« ZurückWeiter »
THE Essays and Letters of Dr. Franklin are introduced here by the editor who first collected and presented them in a regular form to the world. From their instructive nature, it was impossible that, in a series of English classics, they should not constitute a link. Few authors have written in a more pleasing or more impressive style. It is by playing round the head that he reaches the heart. Of a great poet it has been said, that “ he lisp'd in numbers ;” and with equal truth may it be affirmed of our philosopher, that, in the first efforts of his mind, he thought in proverbs, which have been denominated the wisdom of nations. His earliest productions, particularly his Poor Richard, abundantly luxuriant in this respect, may be adduced in proof; and the same quality will be found sparkling here and there through the whole of these little volumes. Like his writings,
his life too was eminently instructive. Sober, diligent, studious, he rose from low beginnings (a journeyman printer) to respectable offices in the state, and was at last chosen to represent his country as ambassador to the court of France, Read him, imitate him, my young friends : you will find it the sure way to wealth, to honours, and to happiness.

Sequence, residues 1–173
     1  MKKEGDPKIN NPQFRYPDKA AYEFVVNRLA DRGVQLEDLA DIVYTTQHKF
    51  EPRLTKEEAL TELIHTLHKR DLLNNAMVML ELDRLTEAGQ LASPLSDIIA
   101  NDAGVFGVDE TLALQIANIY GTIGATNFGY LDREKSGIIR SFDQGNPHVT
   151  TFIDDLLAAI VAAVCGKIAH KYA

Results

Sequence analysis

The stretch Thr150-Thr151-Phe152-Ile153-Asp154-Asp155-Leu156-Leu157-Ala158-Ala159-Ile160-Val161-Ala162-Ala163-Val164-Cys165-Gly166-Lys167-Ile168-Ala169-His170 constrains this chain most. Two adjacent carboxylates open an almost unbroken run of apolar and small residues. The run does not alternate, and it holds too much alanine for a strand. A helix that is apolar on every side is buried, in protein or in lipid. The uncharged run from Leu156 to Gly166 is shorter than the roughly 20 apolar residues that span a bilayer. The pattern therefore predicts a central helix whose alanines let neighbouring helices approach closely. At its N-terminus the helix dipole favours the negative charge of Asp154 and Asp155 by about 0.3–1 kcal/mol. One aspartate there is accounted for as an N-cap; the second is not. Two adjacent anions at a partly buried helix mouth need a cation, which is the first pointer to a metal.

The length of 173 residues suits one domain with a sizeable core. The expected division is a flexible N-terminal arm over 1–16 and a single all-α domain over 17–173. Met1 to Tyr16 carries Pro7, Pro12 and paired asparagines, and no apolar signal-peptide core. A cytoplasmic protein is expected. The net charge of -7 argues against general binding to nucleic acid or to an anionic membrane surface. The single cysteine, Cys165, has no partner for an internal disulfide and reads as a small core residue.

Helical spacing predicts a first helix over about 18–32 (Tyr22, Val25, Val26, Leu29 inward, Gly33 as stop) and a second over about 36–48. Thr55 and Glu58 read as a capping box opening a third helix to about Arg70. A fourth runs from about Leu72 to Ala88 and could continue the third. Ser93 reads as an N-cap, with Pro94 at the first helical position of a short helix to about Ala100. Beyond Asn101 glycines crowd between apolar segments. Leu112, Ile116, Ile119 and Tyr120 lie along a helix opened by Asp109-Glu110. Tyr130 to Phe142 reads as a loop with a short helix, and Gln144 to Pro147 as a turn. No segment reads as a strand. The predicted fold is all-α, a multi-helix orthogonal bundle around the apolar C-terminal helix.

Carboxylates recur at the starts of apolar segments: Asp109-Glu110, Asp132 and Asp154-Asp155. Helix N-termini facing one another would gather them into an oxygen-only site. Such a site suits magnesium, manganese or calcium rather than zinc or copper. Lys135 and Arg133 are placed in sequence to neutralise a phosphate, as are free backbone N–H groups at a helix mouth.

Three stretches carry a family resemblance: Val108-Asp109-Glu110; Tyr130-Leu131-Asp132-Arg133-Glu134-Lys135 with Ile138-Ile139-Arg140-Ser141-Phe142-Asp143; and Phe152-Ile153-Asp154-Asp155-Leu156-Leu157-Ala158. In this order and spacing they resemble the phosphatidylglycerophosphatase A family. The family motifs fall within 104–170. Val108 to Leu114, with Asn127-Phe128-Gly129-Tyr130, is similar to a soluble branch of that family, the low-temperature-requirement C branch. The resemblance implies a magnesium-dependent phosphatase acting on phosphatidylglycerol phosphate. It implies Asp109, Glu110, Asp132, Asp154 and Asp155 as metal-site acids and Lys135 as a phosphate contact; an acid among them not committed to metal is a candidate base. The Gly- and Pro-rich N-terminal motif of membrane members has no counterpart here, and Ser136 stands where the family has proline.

ESSAYS AND LETTERS
MORAL AND PHILOSOPHICAL SUBJECTS.
THE BUSY-BODY.–No. 1. From the American Weekly Nercury, from Tues
day, Jan. 28, to Tuesday, Feb. 4, 1728—9. MR. ANDREW BRADFORD, I DESIGN this to acquaint you, that I, who have long been one of your courteous readers, have lately entertained some thought of setting up for an author myself: not out of the least vauity, I assure you, or desire of showing my parts, but purely for the good of my country.
I have often observed with concern, that your Mercury is not always equally entertaining. The delay of ships expected in, and want of fresh adviccs from Europe, make it frequently very dull; and I find the freezing of our river has the same effect on news as trade. With more concern have I conti. pually observed the growing vices and follies of my couutry folk : and though reformation is properly the concern of every man, that is, every one ought to mend one ; yet it is too true in this case, that what is every body's business is nobody's business, and the business is done accordingly. I therefore,